Are you expecting an inheritance? I often see this question on fact finds completed by advisers, and the answer is commonly yes, sometimes there is even a £ amount expressed. With an increasing imbalance in assets between baby boomers and the generations which followed, more and more people are relying on the generosity of parents and grandparents to help buy a first home, pay off debts, or even to help cover regular living costs. These gifts are no doubt gratefully received, but they are not obligatory and I would like to think most children would not have any expectation of such handouts; why then when their grand/parents die, would they feel an entitlement to a cash gift of some sort?
As advisers we have some part to play in helping to educate our clients in financial matters, both in relation to any savings or investments we source for them, but also in other aspects of their financial planning e.g. paying down debt, helping with long term budgeting and maintaining cash emergency funds. Of course, they may not take heed of any advice we have to offer in areas where we have no direct control, but we would be neglectful if we did not look at a client's overall financial health. With this in mind, when I see a client expressing an expectation of an inheritance, and more worryingly, planning to use said lump sum to pay off a mortgage or help to fund their retirement, I wonder if the adviser has stopped and pointed out to them that this 'money' is not a certainty and should not be relied upon?
Even if a grand/parent has made a Will in the client's favour, these things can change, with a Will being amended or even contested by other potential beneficiaries. A more likely scenario given our aging population and the long term care crisis, is that there will be no funds left to give in a Will.
The flip side of this discussion is ensuring that clients have made a Will, and that this is kept up to date. Clients may be cagey about letting you know the provisions of their Will, but it is useful as an adviser to be aware of their wishes, so that any planning does not clash with the points of the Will or any IHT planning therein. Even better, is for a client to allow you to work alongside their solicitor to help ensure their estate is distributed as they would expect.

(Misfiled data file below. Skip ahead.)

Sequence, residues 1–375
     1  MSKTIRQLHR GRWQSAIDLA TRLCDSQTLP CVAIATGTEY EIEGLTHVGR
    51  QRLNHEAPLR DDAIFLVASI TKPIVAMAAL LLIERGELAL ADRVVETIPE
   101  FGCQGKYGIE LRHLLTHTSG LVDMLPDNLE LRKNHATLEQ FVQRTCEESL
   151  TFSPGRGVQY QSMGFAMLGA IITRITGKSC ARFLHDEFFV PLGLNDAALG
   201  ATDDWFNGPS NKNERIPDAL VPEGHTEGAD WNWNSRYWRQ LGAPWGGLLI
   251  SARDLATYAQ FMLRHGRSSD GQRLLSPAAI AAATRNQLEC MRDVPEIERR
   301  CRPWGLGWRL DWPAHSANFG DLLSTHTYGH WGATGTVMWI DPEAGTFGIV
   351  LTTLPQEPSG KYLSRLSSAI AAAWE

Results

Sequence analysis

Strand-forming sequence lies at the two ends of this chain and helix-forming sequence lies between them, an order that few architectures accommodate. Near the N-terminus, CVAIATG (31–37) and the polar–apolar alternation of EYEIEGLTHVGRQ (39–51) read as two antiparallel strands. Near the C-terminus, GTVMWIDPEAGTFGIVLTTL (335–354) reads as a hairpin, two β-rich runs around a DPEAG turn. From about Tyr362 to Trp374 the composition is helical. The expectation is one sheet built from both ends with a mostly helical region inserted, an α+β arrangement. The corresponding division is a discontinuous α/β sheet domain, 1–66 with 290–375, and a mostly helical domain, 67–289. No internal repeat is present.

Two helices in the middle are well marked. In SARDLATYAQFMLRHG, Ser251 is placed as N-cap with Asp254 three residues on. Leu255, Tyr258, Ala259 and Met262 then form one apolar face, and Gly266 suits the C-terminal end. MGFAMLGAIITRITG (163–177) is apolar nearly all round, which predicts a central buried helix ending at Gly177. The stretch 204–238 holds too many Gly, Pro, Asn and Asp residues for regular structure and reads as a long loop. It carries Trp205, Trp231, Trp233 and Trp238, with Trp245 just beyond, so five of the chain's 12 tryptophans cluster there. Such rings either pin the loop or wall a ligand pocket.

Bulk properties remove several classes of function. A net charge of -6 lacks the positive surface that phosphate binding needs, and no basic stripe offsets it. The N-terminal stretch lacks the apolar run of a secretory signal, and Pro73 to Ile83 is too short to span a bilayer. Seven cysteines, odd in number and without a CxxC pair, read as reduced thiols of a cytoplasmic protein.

Wills can of course be contested, and a rising number of cases are being seen in the courts. I am sure many of you are aware of the recent case of a woman who won a share of her estranged mother's estate, even though her mother had expressly left it all to animal charities. There are a number of reasons a Will can be contested, many of which deal with the deceased's ability to have made the Will, or it's actual validity. One lesser known reason is for 'reasonable financial provision' (under the Family & Dependants Act 1975). In the majority of cases an able bodied adult with the ability to work and earn a living would have little chance of success in making a claim, but, where the deceased had been making a regular gift of monies to a child in order to support their standard of living, this would be taken into account when the Court made its decision. The legislation is clearly more complex than this, but advisers and their clients should be aware of this when helping their grand/children, and when drawing up a Will.
Of course, all of this depends upon how much you like your family. Making a Will should be done with the necessary legal oversight, but it could be a good opportunity to set the cat amongst the pigeons, or at the very least have the last laugh. I have seen many Wills over the last 12 years but the best included one last provision, which was something along the following lines 'And lastly I leave my ex-husband Bob the sum of 1 pence, which is a penny more than he was ever worth', ouch!
My conclusion having considered all of this, is that no one should expect anything on the death of a family member, and for those leaving an estate, it is all much simpler if you just spend it all - far less admin all round.